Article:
1.01 Typography PowerPoint


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  • URL: http://typographica.org
  • Teachers: You may want to explain that serifs make it easier for the reader’s eye to recognize the difference between letters more quickly. Thus, serif typefaces are better suited for body text of printed material. However, sans serif fonts are easier to read on monitors so webpages will use sans serif typefaces for body text.
  • URL for the link: http://en.wikipedia.org/wiki/File:Metal_movable_type.jpg Just for fun: You can have your students try to read what it says and figure out the meaning.
  • 1.01 Typography PowerPoint

    1. 1. Typography Multimedia & Webpage Design 1.01 Investigate typefaces and fonts.
    2. 2. Desktop Publishing <ul><li>Involves using a desktop computer and publishing software to create documents for publication. </li></ul><ul><li>Some examples of Desktop publications include: </li></ul><ul><ul><li>Flyers </li></ul></ul><ul><ul><li>Newsletters </li></ul></ul><ul><ul><li>Magazine and Newspaper Articles </li></ul></ul><ul><ul><li>Advertisements </li></ul></ul><ul><ul><li>Proposals </li></ul></ul><ul><ul><li>Brochures </li></ul></ul><ul><ul><li>Business Correspondence </li></ul></ul><ul><ul><ul><li>Letterhead </li></ul></ul></ul><ul><ul><ul><li>Business cards </li></ul></ul></ul><ul><ul><ul><li>Envelopes </li></ul></ul></ul>
    3. 3. The Target Audience <ul><li>Publications are created to convey a message to the intended audience, called the target audience. </li></ul><ul><li>The target audience will determine the: </li></ul><ul><ul><li>Language used. </li></ul></ul><ul><ul><li>Typefaces used. </li></ul></ul><ul><ul><li>Colors used. </li></ul></ul><ul><ul><li>Graphics used. </li></ul></ul>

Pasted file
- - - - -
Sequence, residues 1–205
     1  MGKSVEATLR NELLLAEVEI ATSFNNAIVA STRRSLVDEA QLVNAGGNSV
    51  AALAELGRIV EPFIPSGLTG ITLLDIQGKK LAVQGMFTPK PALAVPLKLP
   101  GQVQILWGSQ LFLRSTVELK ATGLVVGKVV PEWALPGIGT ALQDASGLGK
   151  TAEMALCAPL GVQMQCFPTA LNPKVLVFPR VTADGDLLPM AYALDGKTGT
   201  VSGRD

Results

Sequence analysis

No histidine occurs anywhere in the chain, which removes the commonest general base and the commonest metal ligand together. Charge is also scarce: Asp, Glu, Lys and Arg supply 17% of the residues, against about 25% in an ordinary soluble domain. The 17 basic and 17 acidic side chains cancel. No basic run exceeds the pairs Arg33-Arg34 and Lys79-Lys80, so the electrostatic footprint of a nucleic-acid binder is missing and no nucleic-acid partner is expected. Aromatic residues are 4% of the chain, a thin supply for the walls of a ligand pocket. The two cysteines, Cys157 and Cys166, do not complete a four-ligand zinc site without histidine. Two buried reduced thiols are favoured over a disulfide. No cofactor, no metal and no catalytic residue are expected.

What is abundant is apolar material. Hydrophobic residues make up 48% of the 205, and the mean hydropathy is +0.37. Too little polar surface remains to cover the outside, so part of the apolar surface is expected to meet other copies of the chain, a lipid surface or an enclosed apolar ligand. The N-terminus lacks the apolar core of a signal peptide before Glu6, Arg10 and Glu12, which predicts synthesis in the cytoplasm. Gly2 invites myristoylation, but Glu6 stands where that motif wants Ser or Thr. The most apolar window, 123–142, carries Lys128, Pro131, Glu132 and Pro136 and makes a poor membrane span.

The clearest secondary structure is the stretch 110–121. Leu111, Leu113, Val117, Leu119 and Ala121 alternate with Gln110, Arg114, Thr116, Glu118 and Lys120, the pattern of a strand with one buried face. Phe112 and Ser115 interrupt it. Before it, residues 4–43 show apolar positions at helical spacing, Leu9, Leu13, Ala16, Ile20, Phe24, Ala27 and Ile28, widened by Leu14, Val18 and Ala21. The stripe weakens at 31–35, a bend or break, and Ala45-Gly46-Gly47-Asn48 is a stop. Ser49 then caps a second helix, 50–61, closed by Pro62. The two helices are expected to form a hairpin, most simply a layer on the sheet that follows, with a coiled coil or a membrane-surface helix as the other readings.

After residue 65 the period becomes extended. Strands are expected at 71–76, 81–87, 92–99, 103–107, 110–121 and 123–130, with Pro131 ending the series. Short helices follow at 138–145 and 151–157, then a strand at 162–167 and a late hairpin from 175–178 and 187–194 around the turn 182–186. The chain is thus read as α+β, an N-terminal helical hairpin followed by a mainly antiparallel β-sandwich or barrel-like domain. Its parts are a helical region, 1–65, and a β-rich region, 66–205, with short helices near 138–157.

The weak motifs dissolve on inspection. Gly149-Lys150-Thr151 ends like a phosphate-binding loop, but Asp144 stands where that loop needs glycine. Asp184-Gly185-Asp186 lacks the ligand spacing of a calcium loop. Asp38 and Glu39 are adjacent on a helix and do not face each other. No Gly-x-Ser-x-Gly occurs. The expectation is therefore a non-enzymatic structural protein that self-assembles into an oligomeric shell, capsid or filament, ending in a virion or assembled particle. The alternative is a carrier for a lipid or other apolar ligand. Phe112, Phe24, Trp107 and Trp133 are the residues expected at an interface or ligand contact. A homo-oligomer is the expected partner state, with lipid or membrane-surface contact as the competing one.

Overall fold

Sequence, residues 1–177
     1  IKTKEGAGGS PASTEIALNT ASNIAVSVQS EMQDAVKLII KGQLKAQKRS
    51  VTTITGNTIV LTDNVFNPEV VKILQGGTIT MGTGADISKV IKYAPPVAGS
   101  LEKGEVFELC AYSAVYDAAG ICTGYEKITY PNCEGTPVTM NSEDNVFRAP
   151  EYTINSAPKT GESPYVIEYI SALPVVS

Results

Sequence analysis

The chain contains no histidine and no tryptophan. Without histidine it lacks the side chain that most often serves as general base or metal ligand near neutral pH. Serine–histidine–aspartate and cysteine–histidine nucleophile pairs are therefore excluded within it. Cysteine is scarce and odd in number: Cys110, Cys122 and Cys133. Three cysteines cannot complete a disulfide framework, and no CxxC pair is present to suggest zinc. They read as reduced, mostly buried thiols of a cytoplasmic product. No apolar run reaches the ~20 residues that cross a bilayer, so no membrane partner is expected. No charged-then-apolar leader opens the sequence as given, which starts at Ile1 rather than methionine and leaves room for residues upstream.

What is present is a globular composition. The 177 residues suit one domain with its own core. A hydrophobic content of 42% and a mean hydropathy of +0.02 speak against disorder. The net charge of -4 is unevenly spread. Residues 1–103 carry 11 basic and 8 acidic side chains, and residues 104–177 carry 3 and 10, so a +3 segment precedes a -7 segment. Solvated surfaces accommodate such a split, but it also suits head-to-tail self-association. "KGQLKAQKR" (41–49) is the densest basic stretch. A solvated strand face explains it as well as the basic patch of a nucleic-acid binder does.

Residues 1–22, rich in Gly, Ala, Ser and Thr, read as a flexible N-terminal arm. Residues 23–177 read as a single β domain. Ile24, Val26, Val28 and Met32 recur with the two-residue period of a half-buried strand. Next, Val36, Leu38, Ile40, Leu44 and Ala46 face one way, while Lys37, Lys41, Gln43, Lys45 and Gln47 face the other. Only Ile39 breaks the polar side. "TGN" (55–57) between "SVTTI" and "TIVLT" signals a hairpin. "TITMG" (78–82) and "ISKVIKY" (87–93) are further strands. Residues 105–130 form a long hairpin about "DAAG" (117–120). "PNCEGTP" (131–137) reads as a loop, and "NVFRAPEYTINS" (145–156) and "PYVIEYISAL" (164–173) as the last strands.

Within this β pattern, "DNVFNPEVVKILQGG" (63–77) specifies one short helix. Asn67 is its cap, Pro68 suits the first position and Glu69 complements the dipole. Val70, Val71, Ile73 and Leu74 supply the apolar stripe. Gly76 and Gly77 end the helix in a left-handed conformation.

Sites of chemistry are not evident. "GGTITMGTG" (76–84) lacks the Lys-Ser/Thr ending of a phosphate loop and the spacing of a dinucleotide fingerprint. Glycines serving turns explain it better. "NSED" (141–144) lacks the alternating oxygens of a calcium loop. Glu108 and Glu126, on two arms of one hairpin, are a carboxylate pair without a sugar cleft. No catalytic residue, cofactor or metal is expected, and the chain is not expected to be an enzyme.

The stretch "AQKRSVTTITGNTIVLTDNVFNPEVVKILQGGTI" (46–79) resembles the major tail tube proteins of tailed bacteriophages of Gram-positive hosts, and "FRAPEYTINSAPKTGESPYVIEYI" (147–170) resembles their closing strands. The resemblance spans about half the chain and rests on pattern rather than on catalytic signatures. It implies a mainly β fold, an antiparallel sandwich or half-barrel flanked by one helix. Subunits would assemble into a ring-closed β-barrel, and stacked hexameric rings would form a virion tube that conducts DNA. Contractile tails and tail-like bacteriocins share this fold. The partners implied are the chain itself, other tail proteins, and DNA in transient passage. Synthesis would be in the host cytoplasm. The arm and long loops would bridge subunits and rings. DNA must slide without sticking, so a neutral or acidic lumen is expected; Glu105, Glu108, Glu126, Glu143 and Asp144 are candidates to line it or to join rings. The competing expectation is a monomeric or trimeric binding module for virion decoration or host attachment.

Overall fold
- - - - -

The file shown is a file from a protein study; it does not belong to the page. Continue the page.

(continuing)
4. 4. Typography <ul><li>Many publications will contain a large amount of text to deliver the message. </li></ul><ul><li>It is important to understand a few basic guidelines for working with text and typography. </li></ul><ul><li>Typography refers to the design of the characters and the way they are presented on the page. </li></ul>
    5. 5. Typefaces, Fonts, and Font Families <ul><li>A typeface is the basic design of a character. </li></ul><ul><li>Each typeface has a design for each letter of the alphabet, numbers, punctuation symbols and may contain other symbols. </li></ul><ul><li>Example: </li></ul><ul><li> </li></ul><ul><li>Arial ABCDEFGHIJKLMNOPQRSTUVWXYZ </li></ul><ul><li>abcdefghijklmnopqrstuvwxyz </li></ul><ul><li>1234567890 </li></ul><ul><li>!@#$%^&*()_+-=?,.:”’; </li></ul><ul><li>Click here for more examples of typefaces. </li></ul>
    6. 6. Typeface Categories <ul><li>Typefaces can be divided into four main categories. </li></ul><ul><ul><li>Serif </li></ul></ul><ul><ul><li>Sans Serif </li></ul></ul><ul><ul><li>Script </li></ul></ul><ul><ul><li>Decorative/Ornamental </li></ul></ul>
    7. 7. Serif Typefaces <ul><li>Have attributes or strokes at the tips of the letters called serifs. </li></ul><ul><li>Examples: </li></ul><ul><ul><li> Bodoni  Courier </li></ul></ul><ul><ul><li> Goudy  Times New Roman </li></ul></ul><ul><li>Used for body text in printed publications. </li></ul><ul><ul><li> Business correspondence  Book text </li></ul></ul><ul><ul><li>Magazine article text  Newspaper text </li></ul></ul><ul><ul><li>Newsletter text </li></ul></ul><ul><li>Recommended sizes for body text are 10 to 12 points. </li></ul>k
    8. 8. Serif Typefaces